FAYETTEVILLE, N. C., February 20, 1863.
GENERAL: Confinement to my bed for the last two months will, I trust, by apology sufficient for the delay in reporting to you the part taken by command in the battle near Kinston, on Sunday, December 14,[1862.]
I arrived at Kinston by railroad Sunday morning at 7 o'clock and immediately reported to and was ordered by you to take position with my battalion (consisting of 19 officers and 460 men) in the rifle-pits on the east bank of Neuse River to support a South Carolina battery commanding the county bridge.
At 8.30 we were in position, and in a few moments musketry firing commenced on the left of the line of battle, which was formed on the west side of the river, and at 9 o'clock the first gun was fired by the artillery.
At 9.15 I received an order through one of your aides to march at double-quick across the bridge. Having crossed, I met you on the west side directing men pouring spirits of turpentine on cotton placed upon the bridge. Your ordered me to take my command through the field on the right of the White Hall road and engage the enemy. We passed through the field under a fire of shell from the enemy (losing 1 man) to the distance of a quarter of a mile to a fence on the edge of a swamp, on the other side of which the enemy appeared to be in force. Here we engaged the enemy for some time, but the principal point of attack appeared to be the church known as Harriet's Chapel, on my left, where was stationed a section of Starr's battery supported by the Sixty- first Regiment North Carolina Troops, under Colonel Radcliffe. At length the firing upon my part of the line ceased almost entirely. Being anxious to charge the enemy and drive him back, I sent Lieutenant Little to the section of artillery on my left to ascertain the real position of the enemy and of our forces, it being impossible to charge through the swamp in my front. About the time of Lieutenant Little's return (without any accurate information) I received by courier a written order from you, as follows:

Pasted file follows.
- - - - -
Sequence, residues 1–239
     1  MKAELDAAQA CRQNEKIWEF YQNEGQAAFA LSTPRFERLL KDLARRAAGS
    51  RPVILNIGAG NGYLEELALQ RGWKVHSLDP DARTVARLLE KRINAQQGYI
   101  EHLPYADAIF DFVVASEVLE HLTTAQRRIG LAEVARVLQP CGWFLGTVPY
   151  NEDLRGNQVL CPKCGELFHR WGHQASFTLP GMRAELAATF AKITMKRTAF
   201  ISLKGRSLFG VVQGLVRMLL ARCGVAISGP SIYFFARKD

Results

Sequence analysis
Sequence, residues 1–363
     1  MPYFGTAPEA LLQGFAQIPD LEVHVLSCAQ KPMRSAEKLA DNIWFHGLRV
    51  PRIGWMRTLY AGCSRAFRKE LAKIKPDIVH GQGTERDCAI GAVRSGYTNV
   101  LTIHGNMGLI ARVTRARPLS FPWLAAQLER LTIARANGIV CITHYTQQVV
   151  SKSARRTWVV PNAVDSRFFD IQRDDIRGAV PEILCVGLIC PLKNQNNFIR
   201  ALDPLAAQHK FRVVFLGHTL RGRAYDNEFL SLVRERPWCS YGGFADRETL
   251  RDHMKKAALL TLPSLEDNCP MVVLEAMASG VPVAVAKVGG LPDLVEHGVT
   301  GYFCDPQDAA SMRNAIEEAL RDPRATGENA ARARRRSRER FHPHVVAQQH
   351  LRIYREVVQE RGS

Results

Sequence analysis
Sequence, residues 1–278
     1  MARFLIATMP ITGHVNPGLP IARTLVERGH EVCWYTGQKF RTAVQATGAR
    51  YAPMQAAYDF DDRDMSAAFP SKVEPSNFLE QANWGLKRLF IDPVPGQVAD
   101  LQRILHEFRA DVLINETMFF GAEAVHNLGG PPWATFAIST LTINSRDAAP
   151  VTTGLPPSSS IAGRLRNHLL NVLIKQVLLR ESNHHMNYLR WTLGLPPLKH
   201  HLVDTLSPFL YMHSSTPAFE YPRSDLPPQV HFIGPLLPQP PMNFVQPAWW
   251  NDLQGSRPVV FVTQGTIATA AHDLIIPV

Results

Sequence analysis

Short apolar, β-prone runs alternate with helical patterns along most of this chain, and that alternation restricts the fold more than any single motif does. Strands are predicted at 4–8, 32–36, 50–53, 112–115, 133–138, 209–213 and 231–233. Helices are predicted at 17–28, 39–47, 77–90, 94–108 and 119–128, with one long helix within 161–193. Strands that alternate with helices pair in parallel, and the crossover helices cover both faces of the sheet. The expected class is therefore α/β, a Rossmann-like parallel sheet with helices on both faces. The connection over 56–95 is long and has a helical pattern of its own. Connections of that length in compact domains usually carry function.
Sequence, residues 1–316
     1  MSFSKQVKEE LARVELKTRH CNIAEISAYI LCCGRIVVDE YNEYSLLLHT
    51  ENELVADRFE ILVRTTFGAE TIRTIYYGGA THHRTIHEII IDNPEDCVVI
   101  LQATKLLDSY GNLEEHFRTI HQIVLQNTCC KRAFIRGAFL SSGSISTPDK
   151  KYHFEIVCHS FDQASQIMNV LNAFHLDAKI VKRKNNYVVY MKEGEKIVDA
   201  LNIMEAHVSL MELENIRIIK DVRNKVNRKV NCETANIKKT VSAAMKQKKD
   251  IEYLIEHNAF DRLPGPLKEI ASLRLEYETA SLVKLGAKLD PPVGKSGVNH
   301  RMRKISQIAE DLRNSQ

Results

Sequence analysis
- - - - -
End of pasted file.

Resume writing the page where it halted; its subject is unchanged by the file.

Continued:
COLONEL: Let me know if the enemy are in your front. If not, join me at the bridge.
At this time, there being no indication of the enemy in front, I drew off in good order and returned to the bridge, but to my surprise you were absent, leaving no order or instructions for me. Observing that the South Carolina battery commanding the bridge had been removed and the bridge apparently deserted, I concluded you were waiting for me on the east side, and retreating toward Kinston I proceeded across the bridge. In a few moments after crossing, I was met by an officer of your staff with orders to go back. This order I promptly obeyed, marching again at a double-quick through the same field to my former position under a heavy fire of the enemy's artillery, and was almost immediately hotly engaged with his infantry. In about an hour I was re-enforced with 90 to 100 men from the Sixty-first North Carolina, commanded by Lieutenant Colonel [W. S.] Devane, who took position on my right. The enemy made a vigorous charge at this time on my left, and was as vigorously repulsed. Old veterans could not have met the foe with more coolness and determination than these newly-tried men. He appeared determined to force his way through my lines. At the church I ordered Lieutenant-Colonel Devane to re-enforce my left. He took his position promptly and did good service, and I here take pleasure in testifying to